Market Perspective for June 9, 2024

On Monday, the Final Manufacturing PMI and ISM Manufacturing PMI data was made public. The manufacturing PMI from S&P Global came in at 51.3 percent, which indicates that the sector grew over the past month. The ISM PMI came in at 48.7 percent, which indicates that there was a contraction in the industry. It’s likely that the truth is somewhere in the middle with manufacturing largely remaining flat during the month of May.

On Tuesday, the Job Openings and Labor Turnover Survey (JOLTS) report came out. During May, there were 8.07 million job openings in the United States, which was the lowest in years. This was seen as an indication that the labor market may be slowing down.

On Wednesday, the ADP version of the nonfarm payroll (NFP) report came out and revealed 152,000 jobs were added to the economy in May. This was lower than the projected 173,000 and also lower than the 188,000 figure that was reported for April.

In addition, the ISM Services PMI was released, and it came in at 53.8 percent, which was higher than the 51 percent projection and the 49.4 percent reported last month. This indicates that service sector spending may still be a key driver of the economy.

On Thursday, unemployment claims data came in, and it was revealed that 229,000 people had filed for benefits over the past seven days. This was compared to a projected 220,000 and 221,000 that was reported the prior week.

On Friday, the Bureau of Labor Statistics (BLS) came out with its version of the NFP report, and it was quite a shocker to many market observers. In May, there were 272,000 jobs created compared to an estimated 182,000 and 165,000 a month ago. Meanwhile, the unemployment rate ticked up to 4 percent and average hourly earnings went up .4 percent over the past month.

The increase in the unemployment rate is likely because of an increase to the overall labor participation rate. However, the increase in wages and job gains is likely related to continued strength in the economy, which could call into question whether the Fed is ready to cut rates. There was growing belief that the May jobs report would indicate further weakness in the economy and pave the way for reduced rates.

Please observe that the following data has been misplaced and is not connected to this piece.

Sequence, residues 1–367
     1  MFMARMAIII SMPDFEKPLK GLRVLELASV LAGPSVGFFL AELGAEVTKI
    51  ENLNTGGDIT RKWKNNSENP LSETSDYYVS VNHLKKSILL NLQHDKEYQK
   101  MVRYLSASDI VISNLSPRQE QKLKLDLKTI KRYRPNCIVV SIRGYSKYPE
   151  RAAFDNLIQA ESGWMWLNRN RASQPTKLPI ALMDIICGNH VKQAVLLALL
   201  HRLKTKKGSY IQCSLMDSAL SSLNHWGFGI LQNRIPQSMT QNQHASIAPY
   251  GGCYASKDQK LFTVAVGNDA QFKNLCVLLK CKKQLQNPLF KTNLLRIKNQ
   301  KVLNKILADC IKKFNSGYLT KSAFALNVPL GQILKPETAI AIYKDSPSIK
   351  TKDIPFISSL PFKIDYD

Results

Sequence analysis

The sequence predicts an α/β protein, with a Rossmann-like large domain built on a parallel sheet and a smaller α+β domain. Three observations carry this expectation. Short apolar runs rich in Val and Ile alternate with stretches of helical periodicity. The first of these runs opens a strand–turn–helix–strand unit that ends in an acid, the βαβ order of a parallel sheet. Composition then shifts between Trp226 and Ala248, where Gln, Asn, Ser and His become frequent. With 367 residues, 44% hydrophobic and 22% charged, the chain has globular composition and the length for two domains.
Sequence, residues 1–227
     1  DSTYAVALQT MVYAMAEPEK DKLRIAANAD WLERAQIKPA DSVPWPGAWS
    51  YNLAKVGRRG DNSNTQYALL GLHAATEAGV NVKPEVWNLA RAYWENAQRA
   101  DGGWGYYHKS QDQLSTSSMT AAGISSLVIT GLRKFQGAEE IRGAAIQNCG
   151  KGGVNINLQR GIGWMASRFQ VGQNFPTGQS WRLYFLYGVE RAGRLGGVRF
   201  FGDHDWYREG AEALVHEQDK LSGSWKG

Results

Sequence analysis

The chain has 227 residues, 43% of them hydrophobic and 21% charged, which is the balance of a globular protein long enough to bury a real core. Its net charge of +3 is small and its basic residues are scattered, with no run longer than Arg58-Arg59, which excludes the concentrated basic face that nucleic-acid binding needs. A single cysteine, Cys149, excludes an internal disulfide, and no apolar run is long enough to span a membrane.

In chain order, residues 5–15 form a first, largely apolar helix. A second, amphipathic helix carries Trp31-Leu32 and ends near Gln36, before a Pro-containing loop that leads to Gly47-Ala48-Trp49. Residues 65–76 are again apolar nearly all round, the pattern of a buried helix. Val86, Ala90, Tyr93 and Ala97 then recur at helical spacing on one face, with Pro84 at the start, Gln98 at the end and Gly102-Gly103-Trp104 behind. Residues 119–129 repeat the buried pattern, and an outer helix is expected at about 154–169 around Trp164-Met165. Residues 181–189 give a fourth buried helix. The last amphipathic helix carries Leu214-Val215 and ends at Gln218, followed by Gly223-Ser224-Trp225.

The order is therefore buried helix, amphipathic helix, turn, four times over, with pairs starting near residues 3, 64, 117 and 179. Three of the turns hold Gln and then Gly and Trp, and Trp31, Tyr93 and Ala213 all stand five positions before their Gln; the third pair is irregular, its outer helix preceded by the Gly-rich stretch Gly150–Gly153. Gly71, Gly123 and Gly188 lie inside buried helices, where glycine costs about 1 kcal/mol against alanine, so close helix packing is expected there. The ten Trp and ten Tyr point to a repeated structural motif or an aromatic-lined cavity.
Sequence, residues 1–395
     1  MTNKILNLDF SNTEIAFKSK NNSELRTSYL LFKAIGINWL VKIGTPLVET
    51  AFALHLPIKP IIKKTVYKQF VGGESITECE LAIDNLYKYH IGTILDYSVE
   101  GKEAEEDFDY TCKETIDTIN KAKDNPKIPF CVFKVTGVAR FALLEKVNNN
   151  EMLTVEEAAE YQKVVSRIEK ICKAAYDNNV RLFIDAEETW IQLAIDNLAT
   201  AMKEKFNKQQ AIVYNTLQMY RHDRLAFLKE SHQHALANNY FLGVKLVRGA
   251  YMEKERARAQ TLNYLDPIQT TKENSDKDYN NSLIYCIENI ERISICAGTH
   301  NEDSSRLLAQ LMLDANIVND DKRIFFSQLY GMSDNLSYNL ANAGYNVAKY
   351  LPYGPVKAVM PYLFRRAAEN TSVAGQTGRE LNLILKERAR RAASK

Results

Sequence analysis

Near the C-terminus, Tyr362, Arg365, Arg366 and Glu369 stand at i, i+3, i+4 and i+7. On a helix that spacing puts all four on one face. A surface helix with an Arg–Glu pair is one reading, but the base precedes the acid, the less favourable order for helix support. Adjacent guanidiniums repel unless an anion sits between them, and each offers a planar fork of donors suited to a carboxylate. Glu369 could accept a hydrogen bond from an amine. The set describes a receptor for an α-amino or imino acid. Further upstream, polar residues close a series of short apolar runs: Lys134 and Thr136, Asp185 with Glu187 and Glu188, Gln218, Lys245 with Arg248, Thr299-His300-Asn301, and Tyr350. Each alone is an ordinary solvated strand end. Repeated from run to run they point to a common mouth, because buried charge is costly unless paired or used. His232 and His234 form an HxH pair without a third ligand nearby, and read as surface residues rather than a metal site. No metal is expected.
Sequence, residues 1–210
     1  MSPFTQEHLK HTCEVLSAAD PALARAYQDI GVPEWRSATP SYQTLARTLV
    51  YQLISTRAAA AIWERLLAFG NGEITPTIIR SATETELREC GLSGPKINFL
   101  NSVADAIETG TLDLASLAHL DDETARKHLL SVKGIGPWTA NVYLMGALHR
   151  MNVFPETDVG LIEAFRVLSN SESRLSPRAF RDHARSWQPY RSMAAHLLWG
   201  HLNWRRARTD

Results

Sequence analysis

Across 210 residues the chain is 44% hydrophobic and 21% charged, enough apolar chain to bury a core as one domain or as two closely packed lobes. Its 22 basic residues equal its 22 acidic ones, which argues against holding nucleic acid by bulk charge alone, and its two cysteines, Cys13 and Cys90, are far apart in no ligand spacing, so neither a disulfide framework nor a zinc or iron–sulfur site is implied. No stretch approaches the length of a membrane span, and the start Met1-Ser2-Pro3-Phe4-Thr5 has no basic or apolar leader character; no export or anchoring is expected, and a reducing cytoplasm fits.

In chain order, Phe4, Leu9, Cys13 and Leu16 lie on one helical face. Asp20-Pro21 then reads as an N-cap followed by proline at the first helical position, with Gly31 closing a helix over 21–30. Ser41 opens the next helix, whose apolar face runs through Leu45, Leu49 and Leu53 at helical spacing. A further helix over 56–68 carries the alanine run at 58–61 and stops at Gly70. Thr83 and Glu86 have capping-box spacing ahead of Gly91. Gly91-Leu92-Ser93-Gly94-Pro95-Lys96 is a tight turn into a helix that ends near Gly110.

Over the past week, the S&P 500 gained 53.16 points to close at 5,346. The market made its weekly high on Friday at 5,368 and made its low of the week on Monday at 5,242. Currently, the S&P is at both yearly and all-time highs and has earned a return of 25 percent over the past 12 months.

The Dow was relatively flat this week finishing up 91 points to close at 38,798. This was a .24 percent gain over the last five trading days. The market would make its low of the week on Monday morning when it dipped to 38,291 while making a high of 39,004 on Friday.

The Nasdaq closed the week at 19,000 after gaining more than 346 points this week. That represented a gain of 1.86 percent over the past five trading days. As with the other markets, the Nasdaq made its low of the week on Monday at 18,394 and made its high of the week on Friday at 19,090.

In international news, the Bank of Canada (BOC) and the European Central Bank (ECB) cut their respective interest rates by 25 basis points. On Tuesday, Switzerland announced that its inflation rate was .3 percent on a monthly basis. Also on Tuesday, Australia announced that its gross domestic product (GDP) for the past quarter grew by .1 percent compared to an expected .2 percent.

The upcoming week is going to be full of news from both domestic and foreign sources. On Wednesday, inflation data is set to be released and the FOMC will make its June rate decision. It’s expected that rates will remain unchanged at 5.5 percent. Price change data will be released on Thursday. Internationally, Great Britain will release GDP data on Wednesday, while Japan will make its policy rate statement on Thursday evening.

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